Meet May's #MICharterHero: Coach Monique Brown from Detroit Edison Public School Academy

Kyra Biscarner
May 1, 2024 10:59:46 AM

Fresh off their fifth girls basketball state championship in seven seasons, the Detroit Edison Public School Academy (DEPSA) senior players were ready to surprise Coach Monique Brown with May’s #MICharterHero award. 

Coaching at DEPSA for over 15 seasons and the current Athletic Director, Coach Brown said when she started at DEPSA, she wasn’t sure exactly what she wanted to do but after a conversation with Ralph Bland, Superintendent of Detroit Edison Public School Academy and CEO of New Paradigm For Education, which supports 5 schools and over 2000 students in Detroit, she was ready to get started. 

I met someone who knew Mr. Bland, and I was with DPS moving around. And he said, well, go down and talk to Ralph Bland and I didn't know that I knew his brother from coaching at the other school. So I got over here and I went from high school to the young babies as a paraprofessional. It was like trying to figure out what I really wanted to do because I didn't really want to go back to the classroom. So I met Mr. Bland and moved around for a few years. I’ve always been an athlete at heart and one day he said, well, I want you to do my basketball team.”


At the time DEPSA did not yet have a high school so Coach Brown started with the middle school team. Coach Brown said although she loved the middle school players she was ready to coach high school. 

I was like, well, I want the older players again. We didn't have a high school at the time, but there were talks about the high school for next year. And I said, Well, I was going to go over, to be honest, I was going to go to another school, who had a Nike deal, who had players, who had history and he said, I want you to think about it. I want you to start this off. I spent a whole summer thinking and talking to coaches around the area, and I came up with the decision to stay and to start my own legacy.”

For several years, Coach Brown coached both the middle school and high school girls basketball teams. Coach Brown said although it was difficult at times, it was rewarding to watch girls learn basketball.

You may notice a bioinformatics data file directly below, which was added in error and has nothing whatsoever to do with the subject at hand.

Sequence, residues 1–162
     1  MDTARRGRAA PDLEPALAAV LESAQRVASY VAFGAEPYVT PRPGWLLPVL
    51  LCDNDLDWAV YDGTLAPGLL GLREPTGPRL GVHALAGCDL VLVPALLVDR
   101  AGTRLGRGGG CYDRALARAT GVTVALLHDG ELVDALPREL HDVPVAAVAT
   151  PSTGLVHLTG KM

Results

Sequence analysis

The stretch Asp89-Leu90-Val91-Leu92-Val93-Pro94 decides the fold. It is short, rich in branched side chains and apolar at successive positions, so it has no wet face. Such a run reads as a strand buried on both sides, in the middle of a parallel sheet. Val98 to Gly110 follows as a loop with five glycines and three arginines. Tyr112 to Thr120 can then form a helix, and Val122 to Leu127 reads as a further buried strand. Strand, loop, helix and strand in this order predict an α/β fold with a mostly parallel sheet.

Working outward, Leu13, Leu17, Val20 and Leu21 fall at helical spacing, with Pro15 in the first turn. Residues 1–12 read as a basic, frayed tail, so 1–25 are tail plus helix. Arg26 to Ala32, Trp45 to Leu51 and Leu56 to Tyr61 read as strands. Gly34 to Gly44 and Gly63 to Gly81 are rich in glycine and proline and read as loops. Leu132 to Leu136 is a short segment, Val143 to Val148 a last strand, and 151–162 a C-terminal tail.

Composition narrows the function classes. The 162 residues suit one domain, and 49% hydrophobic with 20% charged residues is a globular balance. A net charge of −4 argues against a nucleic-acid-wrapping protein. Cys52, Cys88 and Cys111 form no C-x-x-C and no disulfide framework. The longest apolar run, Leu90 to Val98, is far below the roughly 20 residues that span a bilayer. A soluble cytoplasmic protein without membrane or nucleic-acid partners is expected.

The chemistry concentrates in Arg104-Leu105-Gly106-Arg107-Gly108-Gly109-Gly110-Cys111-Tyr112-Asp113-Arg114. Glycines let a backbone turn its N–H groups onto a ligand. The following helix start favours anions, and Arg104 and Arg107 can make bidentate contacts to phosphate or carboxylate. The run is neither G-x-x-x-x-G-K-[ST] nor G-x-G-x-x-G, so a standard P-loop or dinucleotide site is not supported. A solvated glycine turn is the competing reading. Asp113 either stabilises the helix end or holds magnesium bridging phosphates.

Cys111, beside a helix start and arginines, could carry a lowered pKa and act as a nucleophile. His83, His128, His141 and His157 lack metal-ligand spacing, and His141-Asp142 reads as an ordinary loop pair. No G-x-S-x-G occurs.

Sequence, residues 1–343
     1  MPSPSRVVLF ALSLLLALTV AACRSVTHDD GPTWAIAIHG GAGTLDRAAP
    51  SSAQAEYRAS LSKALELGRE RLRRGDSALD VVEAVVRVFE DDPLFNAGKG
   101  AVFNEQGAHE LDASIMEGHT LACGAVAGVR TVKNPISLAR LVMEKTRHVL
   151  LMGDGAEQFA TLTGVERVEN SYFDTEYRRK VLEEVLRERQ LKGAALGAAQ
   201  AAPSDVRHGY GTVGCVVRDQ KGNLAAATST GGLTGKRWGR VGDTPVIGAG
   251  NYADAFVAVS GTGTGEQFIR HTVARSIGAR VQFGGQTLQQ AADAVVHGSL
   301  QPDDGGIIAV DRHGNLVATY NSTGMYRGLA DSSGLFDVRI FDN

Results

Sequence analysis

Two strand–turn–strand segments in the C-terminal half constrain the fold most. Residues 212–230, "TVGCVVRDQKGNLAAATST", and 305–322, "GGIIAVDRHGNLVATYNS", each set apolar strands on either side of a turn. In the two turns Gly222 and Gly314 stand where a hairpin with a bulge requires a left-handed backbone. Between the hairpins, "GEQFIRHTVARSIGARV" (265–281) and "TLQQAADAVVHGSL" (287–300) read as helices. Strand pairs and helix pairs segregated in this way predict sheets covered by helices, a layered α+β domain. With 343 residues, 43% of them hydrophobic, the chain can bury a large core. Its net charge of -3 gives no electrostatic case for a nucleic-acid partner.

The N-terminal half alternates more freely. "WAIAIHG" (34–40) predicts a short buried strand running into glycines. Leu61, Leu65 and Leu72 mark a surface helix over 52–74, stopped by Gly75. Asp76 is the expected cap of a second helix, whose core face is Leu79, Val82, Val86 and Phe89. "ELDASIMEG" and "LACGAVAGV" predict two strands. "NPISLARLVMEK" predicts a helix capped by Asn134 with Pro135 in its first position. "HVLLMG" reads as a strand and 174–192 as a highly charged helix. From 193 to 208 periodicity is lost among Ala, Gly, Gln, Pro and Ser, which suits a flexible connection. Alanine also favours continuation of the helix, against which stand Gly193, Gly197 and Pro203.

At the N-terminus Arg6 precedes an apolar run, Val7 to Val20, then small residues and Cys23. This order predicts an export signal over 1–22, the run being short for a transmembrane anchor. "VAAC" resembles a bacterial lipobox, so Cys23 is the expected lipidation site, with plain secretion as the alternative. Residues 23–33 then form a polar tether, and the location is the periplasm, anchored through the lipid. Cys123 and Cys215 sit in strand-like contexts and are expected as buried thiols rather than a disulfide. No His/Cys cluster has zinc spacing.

When the high school came, I left the middle school, but I was not getting the kids to walk across the street. So I had to go back to the middle school, and I had to do double duty for a few years. And that's when the players were getting better. High school finally had four classes, ninth through twelfth and we were able to get the kids to walk from the middle school to the high school. And that's how the success started.”

Coach Brown said at the end of the day having the middle school and the high school teams really helped her as a coach. 

I think the biggest thing is the middle school and having them at a younger age where they can walk over. You already have a bond, a rapport with parents. They know you. I don't have many issues with parents, and they know the system. Then when you are successful, it makes it so much easier for them to just walk across the street and say, "This is my coach, and that's why I'm still here.”

Coach Brown said she is looking forward to many more seasons at DEPSA because she can see her players grow and achieve their dreams like Rickea Jackson, who was recently drafted 4th by the WNBA and is about to start her professional basketball career with the Los Angeles Sparks.

I don't think people understand the one reason why I'm here is for those young girls like we had. Rickea Jackson came in and I knew her as a sixth grader. She came in, enrolled in seventh grade and just saw a dream come true that is pushed by the work and the passion. And that's what she had. So it's like, there are a lot of young kids over there that probably have that same dream. I have a young lady right now. She's a ninth grader and she is doing really well. She was a fifth grader, and I walked past her, and she was standing. She was looking me in my eyes as a fifth grader, and I said, “Aren't you playing basketball?” And she said, “Oh, no, I do dance.” I said, “no, you play basketball now”. And she's doing really, really well right now, and she shows the passion and the work, and hopefully we'll be having a watch party for her later down the road if it continues to be her dream. So that is why I'm still here, and that's what motivates me to stay.”

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